Late to the Party in VR
For at least the past year, and probably more like three years, I’ve held out on VR, wouldn’t even try it. It was mostly easy because to be honest, it’s expensive to get set up for it unless you have a commercial interest in developing or selling VR experiences. Casually trying it out generally involves waiting in a long line at some kind of social function for your alotted 5 minutes of looking like a vulnerable fool at a party.
Let’s take a moment to address that scenario — an increasingly common sight at tech-adjacent art parties — where you are witness to someone else having a VR experience. It’s an awkward sight to watch the corporeal body of someone interacting in an ephemeral space. It reminds me of the time I watched a baby goat take its first steps when I was young. It’s grotesque in its way, while also showing you a kind of helpless vulnerable side to fellow humans. Anyways, between the lines and being the subject of that spectacle, I said “no” to VR for as long as I could, despite taking some amount of pride in being on the vanguard of weird visual experiences.
For a minute, it started to feel like an ethical or idealistic stance against VR, but in honesty a growing number of friends and close acquaintances were getting used to me basically dismissing their hard work because “I don’t do VR.” It’s very hard to face your kind friend Isaac repeatedly and tell him that you aren’t going to try his magical donut experience because you’re intimidated by this awkward and new thing that might swallow up my life. The fact is there are just some technological parties I don’t like to show up to before I’ve received a proper invitation. This is me clearly me being a spoiled brat of creative technology.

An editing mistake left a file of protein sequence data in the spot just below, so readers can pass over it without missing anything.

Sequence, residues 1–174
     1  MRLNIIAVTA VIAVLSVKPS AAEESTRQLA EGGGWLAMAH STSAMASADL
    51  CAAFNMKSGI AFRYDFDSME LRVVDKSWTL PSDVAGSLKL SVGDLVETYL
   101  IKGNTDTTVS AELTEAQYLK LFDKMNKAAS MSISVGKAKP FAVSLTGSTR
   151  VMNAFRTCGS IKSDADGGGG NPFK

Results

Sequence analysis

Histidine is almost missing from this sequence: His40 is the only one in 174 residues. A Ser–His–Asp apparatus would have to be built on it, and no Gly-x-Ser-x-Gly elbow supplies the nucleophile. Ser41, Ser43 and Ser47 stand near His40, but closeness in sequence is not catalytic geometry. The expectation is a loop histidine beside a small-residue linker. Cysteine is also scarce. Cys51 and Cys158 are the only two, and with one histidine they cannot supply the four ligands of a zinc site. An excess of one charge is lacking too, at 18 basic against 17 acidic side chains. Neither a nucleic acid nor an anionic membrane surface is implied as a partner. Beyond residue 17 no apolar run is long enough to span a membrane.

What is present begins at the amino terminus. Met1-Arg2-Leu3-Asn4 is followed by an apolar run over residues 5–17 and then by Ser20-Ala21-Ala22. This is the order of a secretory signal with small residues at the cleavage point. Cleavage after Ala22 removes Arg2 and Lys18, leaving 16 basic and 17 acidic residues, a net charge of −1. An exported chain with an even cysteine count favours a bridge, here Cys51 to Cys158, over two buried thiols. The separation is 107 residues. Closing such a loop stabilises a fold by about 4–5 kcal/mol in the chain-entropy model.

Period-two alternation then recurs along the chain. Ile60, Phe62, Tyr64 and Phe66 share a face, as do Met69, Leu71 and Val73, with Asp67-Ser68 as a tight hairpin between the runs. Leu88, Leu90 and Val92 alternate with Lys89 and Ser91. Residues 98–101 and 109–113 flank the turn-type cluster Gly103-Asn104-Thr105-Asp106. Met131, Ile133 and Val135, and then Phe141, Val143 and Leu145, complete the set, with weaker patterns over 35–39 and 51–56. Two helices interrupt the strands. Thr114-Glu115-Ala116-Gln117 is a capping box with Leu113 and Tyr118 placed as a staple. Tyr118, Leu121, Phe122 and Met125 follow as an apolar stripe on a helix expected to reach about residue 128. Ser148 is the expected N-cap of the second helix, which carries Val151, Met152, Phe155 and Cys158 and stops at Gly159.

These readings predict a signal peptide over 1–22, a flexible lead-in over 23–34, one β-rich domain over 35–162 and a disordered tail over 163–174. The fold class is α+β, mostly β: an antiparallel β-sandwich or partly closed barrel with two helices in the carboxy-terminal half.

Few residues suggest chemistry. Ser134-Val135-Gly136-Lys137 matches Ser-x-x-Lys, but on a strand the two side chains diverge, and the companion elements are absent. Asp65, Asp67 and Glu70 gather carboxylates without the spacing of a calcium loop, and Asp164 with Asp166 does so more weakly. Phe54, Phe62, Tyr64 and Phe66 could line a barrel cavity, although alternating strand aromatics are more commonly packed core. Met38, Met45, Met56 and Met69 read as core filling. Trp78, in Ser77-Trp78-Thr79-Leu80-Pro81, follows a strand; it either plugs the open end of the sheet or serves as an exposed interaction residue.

Having received my proper invitation (work!), and my boxes full of gear, I’m now playing catch-up and downloading as much as I can and watching terrible youtube videos of conference talks by VR experts to try and wrap my brain around this thing. I’m sitting on imaginary stones and teleporting into spaces that feel cool and tender and difficult on the eyes. I’m getting pestered by particle systems and cute robot characters and feeling incredible loneliness after an hour perfecting my 3D brushstrokes.
I’ve only been at this for a week, but I already have OPINIONS. I’m curious to see how these opinions develop as I start building my own imaginary spaces and exploring the possibilities of interaction with these magical controllers. Will I become jaded? Will I find my niche and care? The thing that is immediately clear is that despite the VR hype, the breathless 360 fever, and the noise, the empathy machines and the greenscreened immersive artistry, the VR context is still wild and disappointing yet oddly magical, and we’re all just making it up as we go. What is VR ART? NOBODY KNOWS! but we all have ideas. Oddly this is a massive comfort to me.